(KXAN) — After the 2017 church shooting in Sutherland Springs that killed more than 20 people, it was later discovered that the shooter should have been denied the purchase of a rifle because of a domestic abuse charge back in 2012.
So lawmakers took action.
Sen. John Cornyn pushed the Fix NICS (National Instant Criminal Background Check System) Act through Congress, and since being signed into law in 2017 he says there’s been a 400% increase in background check submissions.
The law requires all federal agencies to submit new convictions to the FBI’s NICS system twice a year.
Rep. Michael McCaul, R-Texas, helped Cornyn push the Fix NICS Act through Congress. But in the wake of the shooting in El Paso that killed 23 people, he said “the American people want us to do something more.”
McCaul said he plans to introduce another bill with Cornyn that will identify bad actors as “we evolve into the age of domestic terrorism.”
The bill would create a center within the FBI that would “provide an intelligence fusion between federal, state and local” authorities to target domestic terrorists, McCaul said.
The bureau will work alongside the tech sector to identify dangerous individuals through what McCaul called “predictive analytics.”
“There are warning signs along the way, the guy in El Paso had a manifesto, there were a lot of signs with the Dayton shooter,” McCaul said. “We want to develop algorithms on public chatter, which is not protected by the First Amendment, and turn that over to law enforcement as a preventative measure.”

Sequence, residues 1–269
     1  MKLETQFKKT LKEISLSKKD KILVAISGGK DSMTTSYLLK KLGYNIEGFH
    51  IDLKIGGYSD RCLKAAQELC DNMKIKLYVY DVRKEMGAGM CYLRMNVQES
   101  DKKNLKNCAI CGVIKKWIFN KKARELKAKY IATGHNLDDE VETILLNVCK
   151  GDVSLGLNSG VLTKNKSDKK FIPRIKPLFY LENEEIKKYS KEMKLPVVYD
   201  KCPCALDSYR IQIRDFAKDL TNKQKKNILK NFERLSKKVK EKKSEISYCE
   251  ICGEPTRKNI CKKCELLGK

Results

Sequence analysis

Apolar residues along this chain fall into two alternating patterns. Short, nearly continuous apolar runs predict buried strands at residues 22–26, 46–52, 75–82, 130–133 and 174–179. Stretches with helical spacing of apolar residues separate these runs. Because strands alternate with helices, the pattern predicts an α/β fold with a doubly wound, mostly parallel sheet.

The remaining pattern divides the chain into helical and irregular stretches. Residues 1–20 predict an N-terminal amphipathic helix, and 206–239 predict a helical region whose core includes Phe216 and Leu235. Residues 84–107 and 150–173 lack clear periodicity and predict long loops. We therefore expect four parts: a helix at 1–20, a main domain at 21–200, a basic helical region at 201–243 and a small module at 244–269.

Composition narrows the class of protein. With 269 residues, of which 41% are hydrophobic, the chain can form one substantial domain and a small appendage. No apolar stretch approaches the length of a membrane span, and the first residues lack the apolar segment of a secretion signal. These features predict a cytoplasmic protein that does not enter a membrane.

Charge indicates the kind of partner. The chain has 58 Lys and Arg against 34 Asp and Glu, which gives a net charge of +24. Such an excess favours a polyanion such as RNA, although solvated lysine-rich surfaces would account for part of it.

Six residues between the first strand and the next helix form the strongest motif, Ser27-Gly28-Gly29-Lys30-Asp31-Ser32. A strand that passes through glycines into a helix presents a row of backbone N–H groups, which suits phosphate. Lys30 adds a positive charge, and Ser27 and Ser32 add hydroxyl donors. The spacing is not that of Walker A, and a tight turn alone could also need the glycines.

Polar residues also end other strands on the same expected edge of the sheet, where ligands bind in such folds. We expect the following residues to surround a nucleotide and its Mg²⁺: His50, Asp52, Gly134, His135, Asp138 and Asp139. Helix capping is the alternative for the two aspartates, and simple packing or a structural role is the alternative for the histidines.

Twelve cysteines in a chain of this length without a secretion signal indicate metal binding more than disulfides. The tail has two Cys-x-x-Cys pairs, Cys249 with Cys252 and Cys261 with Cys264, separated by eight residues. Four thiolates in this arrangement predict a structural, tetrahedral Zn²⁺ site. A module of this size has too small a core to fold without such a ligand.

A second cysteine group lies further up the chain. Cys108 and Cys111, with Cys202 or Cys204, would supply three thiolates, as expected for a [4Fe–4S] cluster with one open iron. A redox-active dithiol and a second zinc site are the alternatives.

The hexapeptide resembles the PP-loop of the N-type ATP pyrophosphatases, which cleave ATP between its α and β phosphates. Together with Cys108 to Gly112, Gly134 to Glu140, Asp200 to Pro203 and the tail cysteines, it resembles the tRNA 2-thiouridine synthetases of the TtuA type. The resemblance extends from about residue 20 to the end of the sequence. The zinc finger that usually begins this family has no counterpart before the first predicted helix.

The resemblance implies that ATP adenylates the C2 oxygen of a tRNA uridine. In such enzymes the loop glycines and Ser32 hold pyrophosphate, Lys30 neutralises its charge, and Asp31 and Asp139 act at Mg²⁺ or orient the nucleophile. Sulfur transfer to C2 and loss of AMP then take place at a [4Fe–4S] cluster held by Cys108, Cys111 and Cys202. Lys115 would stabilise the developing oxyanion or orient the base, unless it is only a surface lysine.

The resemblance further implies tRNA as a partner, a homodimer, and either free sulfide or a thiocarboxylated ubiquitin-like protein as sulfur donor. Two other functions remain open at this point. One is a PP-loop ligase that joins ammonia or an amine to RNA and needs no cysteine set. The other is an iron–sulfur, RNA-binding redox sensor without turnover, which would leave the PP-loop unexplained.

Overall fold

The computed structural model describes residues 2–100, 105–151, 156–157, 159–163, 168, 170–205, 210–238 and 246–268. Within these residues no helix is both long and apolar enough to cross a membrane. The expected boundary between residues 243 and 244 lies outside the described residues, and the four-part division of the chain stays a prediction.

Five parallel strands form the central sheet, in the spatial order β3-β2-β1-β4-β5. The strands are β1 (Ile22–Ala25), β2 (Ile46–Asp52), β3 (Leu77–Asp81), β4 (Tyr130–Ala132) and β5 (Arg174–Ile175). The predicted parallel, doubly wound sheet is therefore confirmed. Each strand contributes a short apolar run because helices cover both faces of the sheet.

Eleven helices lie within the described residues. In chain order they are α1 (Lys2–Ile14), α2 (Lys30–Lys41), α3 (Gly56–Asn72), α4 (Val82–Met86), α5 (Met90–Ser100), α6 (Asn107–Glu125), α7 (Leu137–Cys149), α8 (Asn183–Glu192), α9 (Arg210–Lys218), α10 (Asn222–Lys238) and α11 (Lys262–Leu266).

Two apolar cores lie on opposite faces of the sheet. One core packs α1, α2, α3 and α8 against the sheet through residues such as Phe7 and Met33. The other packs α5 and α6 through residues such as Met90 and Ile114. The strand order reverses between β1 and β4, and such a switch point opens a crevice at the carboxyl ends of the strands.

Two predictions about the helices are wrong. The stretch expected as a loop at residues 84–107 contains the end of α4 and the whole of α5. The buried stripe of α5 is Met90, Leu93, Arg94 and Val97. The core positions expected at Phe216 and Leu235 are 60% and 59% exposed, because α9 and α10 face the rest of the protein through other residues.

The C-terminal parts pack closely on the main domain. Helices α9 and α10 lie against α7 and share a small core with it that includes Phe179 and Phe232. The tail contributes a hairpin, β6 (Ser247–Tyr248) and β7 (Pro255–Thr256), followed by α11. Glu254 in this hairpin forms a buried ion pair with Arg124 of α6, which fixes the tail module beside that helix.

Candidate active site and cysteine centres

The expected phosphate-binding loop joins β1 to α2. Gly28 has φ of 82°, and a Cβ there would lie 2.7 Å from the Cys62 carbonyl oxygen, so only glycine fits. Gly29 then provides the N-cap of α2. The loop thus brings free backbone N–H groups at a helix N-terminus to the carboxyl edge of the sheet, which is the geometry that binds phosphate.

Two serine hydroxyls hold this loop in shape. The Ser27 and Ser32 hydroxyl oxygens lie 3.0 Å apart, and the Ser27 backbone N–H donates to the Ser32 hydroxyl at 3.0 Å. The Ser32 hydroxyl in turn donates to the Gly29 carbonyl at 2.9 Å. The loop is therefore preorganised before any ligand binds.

McCaul said he learned from his time as chairman of the House Homeland Security Committee and working with the tech sector when radical groups like Al Qaeda and Isis were targeting social media platforms.
“I went to Twitter and Facebook and said ‘it seems to me you have an obligation to identify when these groups are putting messages on the Internet to radicalize,” McCaul said.
McCaul said his predictive analytics plan would function as a red flag law that could identify people who pose a potential threat.
McCaul said he supports universal background checks. “I think anyone who purchases a firearm in this country should go through a background check.”
Both shooters in El Paso and Dayton legally purchased their firearms.
Going forward, McCaul said stopping mass shootings before they happen has to be a concentrated effort starting with friends and family.
“We have to have warning signs about mental health, but it’s not just the government that has a responsibility. It’s the family, it’s the classmate it’s the teacher,” McCaul said. “If you see something, say something.”